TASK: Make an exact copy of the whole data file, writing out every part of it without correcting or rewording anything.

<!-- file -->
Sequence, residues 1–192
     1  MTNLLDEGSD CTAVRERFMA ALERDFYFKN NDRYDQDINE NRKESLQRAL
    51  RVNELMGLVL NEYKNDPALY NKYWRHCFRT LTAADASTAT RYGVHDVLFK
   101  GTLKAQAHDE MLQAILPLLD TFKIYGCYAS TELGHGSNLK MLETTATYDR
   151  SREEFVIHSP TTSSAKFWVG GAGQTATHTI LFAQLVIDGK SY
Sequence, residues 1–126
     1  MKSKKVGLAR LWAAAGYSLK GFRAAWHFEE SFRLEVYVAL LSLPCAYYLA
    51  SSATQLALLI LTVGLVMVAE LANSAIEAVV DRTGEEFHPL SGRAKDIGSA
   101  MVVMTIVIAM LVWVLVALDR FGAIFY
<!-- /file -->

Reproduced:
Sequence, residues 1–192
     1  MTNLLDEGSD CTAVRERFMA ALERDFYFKN NDRYDQDINE NRKESLQRAL
    51  RVNELMGLVL NEYKNDPALY NKYWRHCFRT LTAADASTAT RYGVHDVLFK
   101  GTLKAQAHDE MLQAILPLLD TFKIYGCYAS TELGHGSNLK MLETTATYDR
   151  SREEFVIHSP TTSSAKFWVG GAGQTATHTI LFAQLVIDGK SY
Sequence, residues 1–126
     1  MKSKKVGLAR LWAAAGYSLK GFRAAWHFEE SFRLEVYVAL LSLPCAYYLA
    51  SSATQLALLI LTVGLVMVAE LANSAIEAVV DRTGEEFHPL SGRAKDIGSA
   101  MVVMTIVIAM LVWVLVALDR FGAIFY